Amazon is an amazing company. They can deliver almost any kind of product in practically any amount of time needed. They have incredible customer service and return policies, and they are at the forefront of technology. But Amazon is in hot water after a recent NY Times article. And Amazon’s founder and CEO, Jeff Bezos, isn’t happy with complaints he is hearing about his company.
Now, frankly, some complaints have more merit than others. Several are only news because Amazon is a heavily regulated public company. Complaints about having to respond to midnight e-mails and undergoing daily performance reviews smack of a labor force that has grown accustomed to the benefits of collective bargaining. People in small, private businesses just call that “Tuesday.”
But some of the issues were serious. And Bezos was unforgiving toward his managers who deal out retribution against employees who had family tragedies or serious health issues. Bezos said he would not tolerate such “callous management practices.”
What got my attention, though, is that Bezos said that he doesn’t “recognize” the company in the article as the one he knows, loves, and runs. And he hoped that employees don’t either. He said that the company in the article would be a “soulless, dystopian workplace” that he hopes Amazon never actually becomes.
Sometimes people write negative things about the Church too. And when I hear complaints, I know that some have more merit than others. Sometimes, people just like to complain. But other times, people have been treated in a way that is not in line with the beliefs and practices of the church’s founder.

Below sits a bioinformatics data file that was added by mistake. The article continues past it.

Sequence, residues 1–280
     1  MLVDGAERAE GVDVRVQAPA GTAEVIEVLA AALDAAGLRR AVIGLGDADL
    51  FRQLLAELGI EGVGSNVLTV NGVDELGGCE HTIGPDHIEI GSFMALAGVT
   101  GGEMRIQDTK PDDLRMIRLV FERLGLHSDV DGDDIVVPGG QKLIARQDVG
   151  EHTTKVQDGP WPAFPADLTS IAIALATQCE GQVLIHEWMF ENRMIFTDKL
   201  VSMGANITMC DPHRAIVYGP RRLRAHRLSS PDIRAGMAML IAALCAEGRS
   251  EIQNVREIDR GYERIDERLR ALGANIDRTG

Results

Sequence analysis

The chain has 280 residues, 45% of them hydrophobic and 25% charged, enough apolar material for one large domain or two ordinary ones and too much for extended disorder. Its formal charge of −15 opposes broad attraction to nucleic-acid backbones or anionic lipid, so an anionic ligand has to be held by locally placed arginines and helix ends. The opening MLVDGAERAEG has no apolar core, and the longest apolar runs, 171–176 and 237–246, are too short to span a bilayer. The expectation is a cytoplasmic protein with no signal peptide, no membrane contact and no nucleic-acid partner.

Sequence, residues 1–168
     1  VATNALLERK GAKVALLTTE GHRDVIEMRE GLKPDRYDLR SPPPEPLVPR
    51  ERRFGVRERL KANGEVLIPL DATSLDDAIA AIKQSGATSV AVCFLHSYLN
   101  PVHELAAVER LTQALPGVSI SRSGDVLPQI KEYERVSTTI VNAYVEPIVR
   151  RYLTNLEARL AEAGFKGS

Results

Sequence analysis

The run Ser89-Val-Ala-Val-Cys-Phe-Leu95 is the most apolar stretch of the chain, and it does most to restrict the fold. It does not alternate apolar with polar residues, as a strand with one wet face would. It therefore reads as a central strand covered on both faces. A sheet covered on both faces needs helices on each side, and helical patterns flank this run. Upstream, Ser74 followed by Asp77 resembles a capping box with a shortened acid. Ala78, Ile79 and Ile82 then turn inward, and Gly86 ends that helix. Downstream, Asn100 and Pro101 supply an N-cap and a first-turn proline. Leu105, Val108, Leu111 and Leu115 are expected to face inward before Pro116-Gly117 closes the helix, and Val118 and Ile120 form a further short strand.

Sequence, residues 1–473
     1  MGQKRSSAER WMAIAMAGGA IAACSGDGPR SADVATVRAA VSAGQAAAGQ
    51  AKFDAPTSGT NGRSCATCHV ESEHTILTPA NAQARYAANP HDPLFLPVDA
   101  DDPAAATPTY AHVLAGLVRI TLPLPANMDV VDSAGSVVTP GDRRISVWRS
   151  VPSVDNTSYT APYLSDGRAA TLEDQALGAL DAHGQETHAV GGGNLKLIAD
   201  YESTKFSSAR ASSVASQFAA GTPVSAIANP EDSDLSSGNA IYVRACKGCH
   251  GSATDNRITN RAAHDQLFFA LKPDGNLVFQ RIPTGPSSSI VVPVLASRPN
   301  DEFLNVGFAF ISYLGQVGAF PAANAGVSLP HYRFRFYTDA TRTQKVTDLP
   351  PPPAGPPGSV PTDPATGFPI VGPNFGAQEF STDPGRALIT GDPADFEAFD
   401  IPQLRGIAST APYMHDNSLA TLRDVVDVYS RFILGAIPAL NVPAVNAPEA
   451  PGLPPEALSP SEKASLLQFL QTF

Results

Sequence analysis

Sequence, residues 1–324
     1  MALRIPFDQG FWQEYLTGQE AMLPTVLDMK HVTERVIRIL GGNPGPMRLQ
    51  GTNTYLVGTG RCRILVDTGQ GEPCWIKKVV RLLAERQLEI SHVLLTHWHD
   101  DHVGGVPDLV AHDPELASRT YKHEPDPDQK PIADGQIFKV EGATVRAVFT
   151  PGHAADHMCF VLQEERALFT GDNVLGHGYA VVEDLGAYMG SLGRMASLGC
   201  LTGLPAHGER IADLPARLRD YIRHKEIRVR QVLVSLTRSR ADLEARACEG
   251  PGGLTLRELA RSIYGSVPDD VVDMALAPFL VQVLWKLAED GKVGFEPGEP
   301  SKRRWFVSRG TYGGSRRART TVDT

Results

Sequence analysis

So what would Jesus do? What would He say if He read an article about what the church is doing today? How would He react? Well, in some ways, He already has.
In Revelation 2 and 3, Jesus responded to issues in the church that had “made the news” of that day. His message was very similar to Bezos’ recent review of His company: that’s not the place I founded, and if anyone is acting like that, I’ll remove them from their position.
But Jesus’ criticism of the congregations had a bite: if you don’t shape up, I’ll personally remove your light. To put it in business jargon, it would be better to shut down the company than run it opposed to the founder’s vision. And Jesus means business.
Amazon is a neat company. But it isn’t eternal. The church is forever. And the true church, the one Jesus died for is a beautiful thing. I am thankful for the church and for all the good it does. But all must be done in the name of Christ.
Jesus envisioned His believers acting as one, in accordance with His will (John 17). So let’s take a note from Amazon’s woes, and make sure that we are acting in accordance with our Founder’s vision…and that He recognizes us as His (MT 25:21).